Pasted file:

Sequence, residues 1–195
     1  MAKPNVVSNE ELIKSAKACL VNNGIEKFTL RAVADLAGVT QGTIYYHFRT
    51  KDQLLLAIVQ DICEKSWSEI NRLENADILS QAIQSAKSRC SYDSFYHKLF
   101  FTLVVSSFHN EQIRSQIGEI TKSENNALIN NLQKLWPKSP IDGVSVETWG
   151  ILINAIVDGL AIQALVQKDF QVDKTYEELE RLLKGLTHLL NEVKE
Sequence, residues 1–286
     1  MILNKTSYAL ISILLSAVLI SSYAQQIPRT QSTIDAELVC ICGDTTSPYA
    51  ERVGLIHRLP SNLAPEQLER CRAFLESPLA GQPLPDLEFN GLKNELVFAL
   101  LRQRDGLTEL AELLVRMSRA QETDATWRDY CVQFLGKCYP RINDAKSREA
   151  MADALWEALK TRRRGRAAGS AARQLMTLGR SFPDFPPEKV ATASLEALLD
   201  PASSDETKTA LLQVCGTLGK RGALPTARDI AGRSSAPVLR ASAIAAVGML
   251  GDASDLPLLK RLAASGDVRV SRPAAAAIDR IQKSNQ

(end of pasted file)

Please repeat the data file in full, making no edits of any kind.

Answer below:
Sequence, residues 1–195
     1  MAKPNVVSNE ELIKSAKACL VNNGIEKFTL RAVADLAGVT QGTIYYHFRT
    51  KDQLLLAIVQ DICEKSWSEI NRLENADILS QAIQSAKSRC SYDSFYHKLF
   101  FTLVVSSFHN EQIRSQIGEI TKSENNALIN NLQKLWPKSP IDGVSVETWG
   151  ILINAIVDGL AIQALVQKDF QVDKTYEELE RLLKGLTHLL NEVKE
Sequence, residues 1–286
     1  MILNKTSYAL ISILLSAVLI SSYAQQIPRT QSTIDAELVC ICGDTTSPYA
    51  ERVGLIHRLP SNLAPEQLER CRAFLESPLA GQPLPDLEFN GLKNELVFAL
   101  LRQRDGLTEL AELLVRMSRA QETDATWRDY CVQFLGKCYP RINDAKSREA
   151  MADALWEALK TRRRGRAAGS AARQLMTLGR SFPDFPPEKV ATASLEALLD
   201  PASSDETKTA LLQVCGTLGK RGALPTARDI AGRSSAPVLR ASAIAAVGML
   251  GDASDLPLLK RLAASGDVRV SRPAAAAIDR IQKSNQ